POLISH EX-SERVICEMEN'S ASSOCIATION
Sub-branch no.1in Sydney of the Polish Ex-Servicemen's Association in Australia Inc.
day of cursed soldiers
The "cursed soldiers",
also known as "doomed soldiers", "accursed soldiers" or "damned soldiers"; Polish: (Żołnierze wyklęci) or "indomitable soldiers" is a term applied to a variety of Polish anti-Soviet or anti-communist Polish resistance movements formed in the later stages of World War II and its aftermath by some members of the Polish Underground State. The clandestine organisations continued their armed struggle against the communist government of Poland well into the 1950s. The guerrilla warfare included an array of military attacks launched against the communist regime's prisons and state security offices, detention facilities for political prisoners and concentration camps that were set up across the country. Most of the Polish anti-communist groups ceased to exist in the late 1940s or 1950s, as they were hunted down by agents of the Ministry of Public Security and Soviet NKVD assassination squads. However, the last known 'cursed soldier', Józef Franczak, was killed in an ambush as late as 1963, almost 20 years after the Soviet take-over of Poland.
With victory secured by the Allies on
18 May 1944,
the Battle of Monte Cassino,
one of the toughest and bloodiest battles of World War II, takes a special place in Polish history. The Memorial Museum of the 2nd Polish Corps of General Władysław Anders, to whom we owe this historic victory, has been open for visits since 2014 at the Polish military cemetery at Monte Cassino.
The Home Army (Polish: Armia Krajowa; Polish pronunciation: [ˈarmʲa kraˈjɔva], abbreviated AK) was the dominant Polish resistance movement in Poland, occupied by Nazi Germany and the Soviet Union, during World War II. The Home Army was formed in February 1942 from the Związek Walki Zbrojnej (Armed Resistance). Some authors stress the continuity using acronym ZWZ/AK (or ZWZ-AK). Over the next two years, it absorbed most other Polish underground forces. Its allegiance was to the Polish government-in-exile, and it constituted the armed wing of what became known as the "Polish Underground State".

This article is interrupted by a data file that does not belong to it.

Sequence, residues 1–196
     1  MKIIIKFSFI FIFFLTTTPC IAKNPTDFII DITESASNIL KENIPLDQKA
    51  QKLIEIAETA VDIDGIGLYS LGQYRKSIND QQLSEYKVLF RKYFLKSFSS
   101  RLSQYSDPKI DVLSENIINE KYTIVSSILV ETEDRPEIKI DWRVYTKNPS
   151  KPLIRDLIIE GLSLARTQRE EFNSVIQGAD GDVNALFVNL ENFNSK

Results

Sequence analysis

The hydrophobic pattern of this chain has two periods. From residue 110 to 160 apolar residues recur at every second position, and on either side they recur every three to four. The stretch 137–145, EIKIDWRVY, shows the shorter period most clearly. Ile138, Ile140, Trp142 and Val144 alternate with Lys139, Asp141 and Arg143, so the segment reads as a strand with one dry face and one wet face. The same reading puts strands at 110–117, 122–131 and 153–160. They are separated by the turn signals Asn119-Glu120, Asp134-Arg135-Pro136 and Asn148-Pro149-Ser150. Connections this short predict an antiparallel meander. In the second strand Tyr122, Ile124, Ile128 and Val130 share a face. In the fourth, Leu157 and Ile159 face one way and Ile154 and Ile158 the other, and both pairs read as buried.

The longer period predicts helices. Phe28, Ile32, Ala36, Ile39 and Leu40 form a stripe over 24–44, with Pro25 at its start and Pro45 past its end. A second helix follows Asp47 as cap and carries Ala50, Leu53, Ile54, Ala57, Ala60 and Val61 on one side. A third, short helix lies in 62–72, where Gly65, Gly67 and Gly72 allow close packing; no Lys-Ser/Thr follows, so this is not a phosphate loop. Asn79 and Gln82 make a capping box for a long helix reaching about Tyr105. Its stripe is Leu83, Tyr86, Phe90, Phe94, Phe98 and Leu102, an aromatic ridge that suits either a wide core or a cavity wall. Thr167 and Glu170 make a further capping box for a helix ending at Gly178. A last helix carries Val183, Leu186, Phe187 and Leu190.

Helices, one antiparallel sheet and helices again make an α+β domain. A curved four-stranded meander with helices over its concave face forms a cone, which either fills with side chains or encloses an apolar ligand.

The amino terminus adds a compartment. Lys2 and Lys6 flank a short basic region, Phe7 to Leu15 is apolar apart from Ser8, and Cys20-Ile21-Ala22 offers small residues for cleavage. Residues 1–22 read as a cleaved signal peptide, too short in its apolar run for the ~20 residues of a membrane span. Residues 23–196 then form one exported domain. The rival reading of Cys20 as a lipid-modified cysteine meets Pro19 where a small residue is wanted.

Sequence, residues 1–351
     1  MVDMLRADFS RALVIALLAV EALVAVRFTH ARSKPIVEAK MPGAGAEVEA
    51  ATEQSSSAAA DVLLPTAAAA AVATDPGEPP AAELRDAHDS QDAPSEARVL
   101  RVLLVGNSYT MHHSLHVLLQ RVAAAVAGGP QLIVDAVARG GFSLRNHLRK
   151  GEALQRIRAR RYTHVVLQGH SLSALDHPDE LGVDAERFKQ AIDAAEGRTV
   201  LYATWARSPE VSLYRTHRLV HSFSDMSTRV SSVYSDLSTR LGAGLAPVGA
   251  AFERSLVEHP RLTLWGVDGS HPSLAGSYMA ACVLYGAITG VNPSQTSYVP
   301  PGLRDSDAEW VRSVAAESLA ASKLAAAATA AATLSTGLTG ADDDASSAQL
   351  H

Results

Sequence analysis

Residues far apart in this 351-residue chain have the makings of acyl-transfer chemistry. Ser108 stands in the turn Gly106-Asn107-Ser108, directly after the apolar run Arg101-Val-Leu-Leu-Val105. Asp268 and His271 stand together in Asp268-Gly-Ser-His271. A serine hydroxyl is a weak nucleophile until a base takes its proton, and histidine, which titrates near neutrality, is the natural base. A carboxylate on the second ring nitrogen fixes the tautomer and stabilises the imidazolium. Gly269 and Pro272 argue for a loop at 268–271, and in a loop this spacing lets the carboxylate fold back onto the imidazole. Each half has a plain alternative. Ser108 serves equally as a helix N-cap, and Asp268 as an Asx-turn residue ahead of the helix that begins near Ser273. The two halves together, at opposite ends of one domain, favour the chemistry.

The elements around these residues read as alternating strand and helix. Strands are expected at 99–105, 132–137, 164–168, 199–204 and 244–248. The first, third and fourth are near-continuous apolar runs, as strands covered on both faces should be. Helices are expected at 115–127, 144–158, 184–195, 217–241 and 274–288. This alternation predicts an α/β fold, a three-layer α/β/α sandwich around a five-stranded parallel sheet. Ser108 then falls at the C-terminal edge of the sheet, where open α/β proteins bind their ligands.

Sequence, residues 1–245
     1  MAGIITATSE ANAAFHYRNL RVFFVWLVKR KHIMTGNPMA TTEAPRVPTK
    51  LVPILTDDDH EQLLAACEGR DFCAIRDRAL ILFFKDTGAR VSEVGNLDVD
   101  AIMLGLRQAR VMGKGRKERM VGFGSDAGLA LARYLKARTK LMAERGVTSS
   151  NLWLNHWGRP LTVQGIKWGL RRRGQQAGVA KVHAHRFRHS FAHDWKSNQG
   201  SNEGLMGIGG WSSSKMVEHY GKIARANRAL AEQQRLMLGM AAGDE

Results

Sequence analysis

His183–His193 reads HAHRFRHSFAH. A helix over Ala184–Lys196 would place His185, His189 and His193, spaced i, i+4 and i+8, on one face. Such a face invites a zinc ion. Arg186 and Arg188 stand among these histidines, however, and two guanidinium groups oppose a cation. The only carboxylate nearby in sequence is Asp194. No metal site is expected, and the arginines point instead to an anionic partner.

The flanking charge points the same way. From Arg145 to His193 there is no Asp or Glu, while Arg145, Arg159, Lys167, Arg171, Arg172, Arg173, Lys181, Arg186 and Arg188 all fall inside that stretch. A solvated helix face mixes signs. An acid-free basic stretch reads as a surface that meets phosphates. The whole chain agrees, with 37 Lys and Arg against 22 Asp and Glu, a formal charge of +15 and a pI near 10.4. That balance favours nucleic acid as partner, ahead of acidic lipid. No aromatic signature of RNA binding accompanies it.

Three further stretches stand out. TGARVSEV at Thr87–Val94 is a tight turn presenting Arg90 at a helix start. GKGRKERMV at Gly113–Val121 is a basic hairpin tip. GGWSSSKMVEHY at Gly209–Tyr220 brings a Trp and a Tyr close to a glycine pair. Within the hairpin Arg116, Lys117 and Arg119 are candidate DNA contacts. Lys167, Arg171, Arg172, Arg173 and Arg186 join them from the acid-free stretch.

Estimates of the Home Army's 1944 strength range between 200,000 and 600,000, the most commonly cited number being 400,000. This last number would make the Home Army not only the largest Polish underground resistance movement but one of the three largest in Europe during World War II. The Home Army was disbanded on 19 January 1945, after the Soviet Red Army had largely cleared Polish territory of German forces.
The Home Army sabotaged German operations such as transports headed for the Eastern Front in the Soviet Union. It also fought several full-scale battles against the Germans, particularly in 1943 and in Operation Tempest in 1944. The Home Army, tied down substantial German forces and destroyed much-needed German supplies.
Because the Home Army was loyal to the Polish Government-in-Exile, the Soviet Union saw it as an obstacle to Communism in Poland. Consequently, over the course of the war, conflict grew between the Home Army and Soviet forces.
August 1st 1944. The Warsaw Uprising of 1944 — a heroic and tragic 63-day struggle to liberate World War 2 Warsaw from Nazi/German occupation. Undertaken by the Home Army (Armia Krajowa, AK), the Polish resistance movement, at the time Allied troops were breaking through the Normandy defenses and the Red Army was standing at the line of the Vistula River.
Warsaw could have been one of the first European capitals liberated; however, various military and political miscalculations, as well as global politics — played among Joseph Stalin, Winston Churchill and Franklin D. Roosevelt (FDR) — turned the dice against it.